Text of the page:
Re: RE : VC++6.0 and 7.0 are not supported anymore from ROOT4-04-2 or newer

From: Roland Kuhn <>
Date: Fri, 13 May 2005 15:43:08 +0200

Hi Nick!

On May 13, 2005, at 9:52 AM, Nick van Eijndhoven wrote:

> Hi Wim, Rene and others,
> Here some viewpoint of a bit older person :).
> The danger is (and has always been) that when one introduces new
> language features, one may clash with older compiler versions
> which don't (yet) support the new features.
> I grew up with Fortran (even with paper tapes and punch cards)
> in the bubble chamber era at CERN and I am still happy that we
> decided to use only standard Fortran features as they were outlined
> in the ANSI standard which were seen to be supported on all platforms
> in the various collaborations at the time when setting up the code.
> Lateron of course several language extensions appeared, but most
> of them were not really needed, so we decided to prefer the platform
> portability above these new sexy language features and stick
> with our standard. The result was that we could always run our
> programs without any problems.

This standards-based portability approach is exactly what this thread is about (unless I misunderstood someone). The point was that ROOT slowly is embracing the current ANSI C++ standard, which obviously looks hazardous to some people. If I'm not mistaken, the standard has been around now for 10 years, so it doesn't look overhasty to me to use it.

> To my opinion I see now history repeating itself.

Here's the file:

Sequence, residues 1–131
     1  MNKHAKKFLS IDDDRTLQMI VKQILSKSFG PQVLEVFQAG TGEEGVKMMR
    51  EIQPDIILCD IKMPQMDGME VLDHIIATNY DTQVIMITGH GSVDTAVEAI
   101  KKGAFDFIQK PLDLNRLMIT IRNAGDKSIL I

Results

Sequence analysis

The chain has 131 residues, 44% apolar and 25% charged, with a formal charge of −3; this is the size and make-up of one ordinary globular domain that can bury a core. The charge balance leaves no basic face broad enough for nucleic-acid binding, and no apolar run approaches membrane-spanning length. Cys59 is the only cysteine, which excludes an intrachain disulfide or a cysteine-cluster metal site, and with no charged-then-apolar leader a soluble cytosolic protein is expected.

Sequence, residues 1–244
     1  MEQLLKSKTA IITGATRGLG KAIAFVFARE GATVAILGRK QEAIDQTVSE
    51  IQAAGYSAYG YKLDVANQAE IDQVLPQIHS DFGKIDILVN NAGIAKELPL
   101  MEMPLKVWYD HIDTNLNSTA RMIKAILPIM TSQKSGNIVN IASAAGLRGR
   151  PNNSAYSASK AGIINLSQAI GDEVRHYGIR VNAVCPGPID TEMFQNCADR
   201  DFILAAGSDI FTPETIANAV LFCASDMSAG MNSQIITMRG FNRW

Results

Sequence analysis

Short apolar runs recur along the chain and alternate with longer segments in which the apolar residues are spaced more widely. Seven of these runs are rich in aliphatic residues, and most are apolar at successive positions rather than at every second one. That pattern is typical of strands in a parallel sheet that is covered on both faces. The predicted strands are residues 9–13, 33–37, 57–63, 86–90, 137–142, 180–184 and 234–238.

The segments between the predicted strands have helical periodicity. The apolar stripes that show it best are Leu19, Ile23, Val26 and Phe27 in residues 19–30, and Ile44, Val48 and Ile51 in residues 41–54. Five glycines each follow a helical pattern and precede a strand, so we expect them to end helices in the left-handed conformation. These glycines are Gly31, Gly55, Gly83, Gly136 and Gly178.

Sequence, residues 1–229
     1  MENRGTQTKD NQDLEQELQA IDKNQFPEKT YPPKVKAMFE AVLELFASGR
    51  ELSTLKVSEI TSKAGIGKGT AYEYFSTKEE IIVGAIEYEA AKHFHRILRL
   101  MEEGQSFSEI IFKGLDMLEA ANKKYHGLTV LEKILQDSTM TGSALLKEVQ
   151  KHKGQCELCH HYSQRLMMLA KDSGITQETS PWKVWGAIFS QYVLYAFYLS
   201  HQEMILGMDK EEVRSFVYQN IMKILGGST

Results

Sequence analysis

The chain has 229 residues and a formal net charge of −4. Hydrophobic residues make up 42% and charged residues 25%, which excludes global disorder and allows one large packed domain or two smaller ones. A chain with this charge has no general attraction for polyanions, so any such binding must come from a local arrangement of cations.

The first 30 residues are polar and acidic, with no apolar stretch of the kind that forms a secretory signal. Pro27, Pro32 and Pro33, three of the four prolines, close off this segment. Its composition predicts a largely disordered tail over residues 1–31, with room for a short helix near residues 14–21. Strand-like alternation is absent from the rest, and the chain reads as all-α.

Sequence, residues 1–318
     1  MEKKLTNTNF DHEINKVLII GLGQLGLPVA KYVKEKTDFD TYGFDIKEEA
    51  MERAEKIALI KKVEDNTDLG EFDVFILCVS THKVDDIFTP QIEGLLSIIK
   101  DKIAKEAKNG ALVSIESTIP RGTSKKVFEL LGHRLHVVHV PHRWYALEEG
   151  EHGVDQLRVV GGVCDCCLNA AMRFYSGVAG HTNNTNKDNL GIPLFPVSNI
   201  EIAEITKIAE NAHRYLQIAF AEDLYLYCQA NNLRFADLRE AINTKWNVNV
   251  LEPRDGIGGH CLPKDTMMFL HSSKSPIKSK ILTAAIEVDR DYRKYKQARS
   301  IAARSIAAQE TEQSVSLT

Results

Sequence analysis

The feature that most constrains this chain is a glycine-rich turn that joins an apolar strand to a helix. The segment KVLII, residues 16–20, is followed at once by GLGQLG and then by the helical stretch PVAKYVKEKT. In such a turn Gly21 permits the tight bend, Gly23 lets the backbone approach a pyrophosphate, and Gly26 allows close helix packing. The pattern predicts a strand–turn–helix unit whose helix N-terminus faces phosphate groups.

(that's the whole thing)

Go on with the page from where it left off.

> As far as I can judge from the various mails, the main reason
> why one would like to allow the new C++ features is the possibility
> to implement things like the boost libs etc... into ROOT.
> Well, I think it is generally known that the boost code started off
> from using non-standard C++ features and now some of the "boost people"
> try to sell these new features to the C++ ISO committee.
> My opinion would be to give more weight to the platform portability
> of ROOT than to introducing this new (e.g. boost) stuff.
> In case people would like to have additional packages available,
> I would say, let them then take care of updating their compiler
> and create the corresponding libs themselves. If one sticks with the
> ROOT code to the current C++ standard, it will also compile on
> newer compiler versions, whereas the reverse will in general not
> be the case and will introduce enormous problems for large
> collaborations
> in which one wants to have a stable analysis environment.

I'm not familiar with boost, could you elaborate on the "new features" or give a pointer?



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Received on Fri May 13 2005 - 15:43:44 MEST

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